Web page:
Another brainteaser this week, on a test which any psychology student would recognise.
First, have a look at these shapes. Which one would you call ‘bouba’ and which one would you call ‘kiki’? Once you’ve done this, scroll down to see the answer.
In fact, these shapes have not been officially named, but 95% of people asked this question name the shape on the left ‘kiki’ and the shape on the right ‘bouba’. This is amazing considering that this is a free choice, with a 50/50 answer. It seems to be that each shape is better suited to a certain name. But why?
The experiment shown above was carried out by Ramanchandran & Hubbard (2001) as part of their work on synaesthesia – a condition in which people’s senses overlap e.g. hearing sounds as viewing colours. If you’d like to read more about synaesthesia check out my blog post. Their hypothesis as to why synaesthesia occurs is that it is caused by extra connections in the brain between senses.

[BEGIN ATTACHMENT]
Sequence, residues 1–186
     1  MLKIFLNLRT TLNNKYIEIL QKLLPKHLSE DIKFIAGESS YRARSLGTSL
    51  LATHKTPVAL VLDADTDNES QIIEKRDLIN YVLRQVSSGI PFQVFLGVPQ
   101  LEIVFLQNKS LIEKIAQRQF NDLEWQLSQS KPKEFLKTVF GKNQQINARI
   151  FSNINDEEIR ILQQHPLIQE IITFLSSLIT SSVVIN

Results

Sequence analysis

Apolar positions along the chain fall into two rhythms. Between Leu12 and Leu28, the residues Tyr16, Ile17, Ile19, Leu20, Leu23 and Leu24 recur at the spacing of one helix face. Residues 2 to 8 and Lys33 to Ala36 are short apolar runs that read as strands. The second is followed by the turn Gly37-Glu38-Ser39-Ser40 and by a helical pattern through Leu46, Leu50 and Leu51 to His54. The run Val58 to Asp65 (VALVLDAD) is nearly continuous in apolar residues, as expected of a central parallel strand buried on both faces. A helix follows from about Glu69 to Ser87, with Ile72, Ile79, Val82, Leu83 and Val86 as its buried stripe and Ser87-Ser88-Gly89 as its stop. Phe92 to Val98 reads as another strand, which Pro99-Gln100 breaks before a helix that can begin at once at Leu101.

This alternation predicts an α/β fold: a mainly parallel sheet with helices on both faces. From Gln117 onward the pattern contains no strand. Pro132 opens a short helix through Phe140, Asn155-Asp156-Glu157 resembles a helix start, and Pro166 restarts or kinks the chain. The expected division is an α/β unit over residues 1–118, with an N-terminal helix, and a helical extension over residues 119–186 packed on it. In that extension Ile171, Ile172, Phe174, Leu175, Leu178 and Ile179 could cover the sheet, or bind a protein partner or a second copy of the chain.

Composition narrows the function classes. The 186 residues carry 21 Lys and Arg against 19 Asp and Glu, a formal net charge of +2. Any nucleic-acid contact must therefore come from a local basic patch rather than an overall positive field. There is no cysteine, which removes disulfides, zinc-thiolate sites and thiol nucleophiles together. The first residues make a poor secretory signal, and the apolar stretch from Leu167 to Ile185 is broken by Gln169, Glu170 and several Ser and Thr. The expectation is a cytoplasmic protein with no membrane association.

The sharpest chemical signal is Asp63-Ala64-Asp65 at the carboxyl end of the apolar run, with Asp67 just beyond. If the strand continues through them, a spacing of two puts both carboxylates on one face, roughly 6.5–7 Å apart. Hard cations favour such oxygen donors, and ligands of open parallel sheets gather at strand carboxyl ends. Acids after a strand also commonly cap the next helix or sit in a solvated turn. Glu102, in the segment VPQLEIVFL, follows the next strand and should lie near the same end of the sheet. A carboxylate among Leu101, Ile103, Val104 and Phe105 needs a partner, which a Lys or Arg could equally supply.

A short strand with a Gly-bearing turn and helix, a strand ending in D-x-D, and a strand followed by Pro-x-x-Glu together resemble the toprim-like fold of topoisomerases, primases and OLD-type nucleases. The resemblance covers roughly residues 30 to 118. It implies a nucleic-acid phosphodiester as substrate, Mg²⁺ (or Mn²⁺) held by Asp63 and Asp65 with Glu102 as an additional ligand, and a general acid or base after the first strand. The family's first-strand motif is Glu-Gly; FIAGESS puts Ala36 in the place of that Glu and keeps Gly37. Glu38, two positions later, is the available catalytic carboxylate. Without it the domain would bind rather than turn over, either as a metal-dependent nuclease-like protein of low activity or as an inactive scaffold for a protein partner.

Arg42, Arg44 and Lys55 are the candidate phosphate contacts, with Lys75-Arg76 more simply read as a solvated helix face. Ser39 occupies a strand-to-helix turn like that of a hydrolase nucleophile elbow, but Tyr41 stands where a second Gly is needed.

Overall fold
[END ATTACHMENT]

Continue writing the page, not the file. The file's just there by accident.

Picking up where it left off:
The authors proposed that the reason most people identify the spiky shape as ‘kiki’ and the rounded shape as ‘bouba’ because the shape of the objects mimic the phonetics of the sounds of the names when spoken. This is therefore evidence that most people, even though they do not have synaesthesia, have connections in their brain between the different senses.
Although this might just seem like a fun, but pretty trivial experiment, the results actually have profound implications for our view on how language began in the first place. As 95% of people map the same sounds to these objects, the authors suggest that there might be ‘natural constraints’ on how sounds and objects are linked. They also suggested that the representation of a word in the motor cortex (to form the shapes to speak the word) and auditory areas are linked to the visual appearance of the object, which again shows these cross-modal connections at work.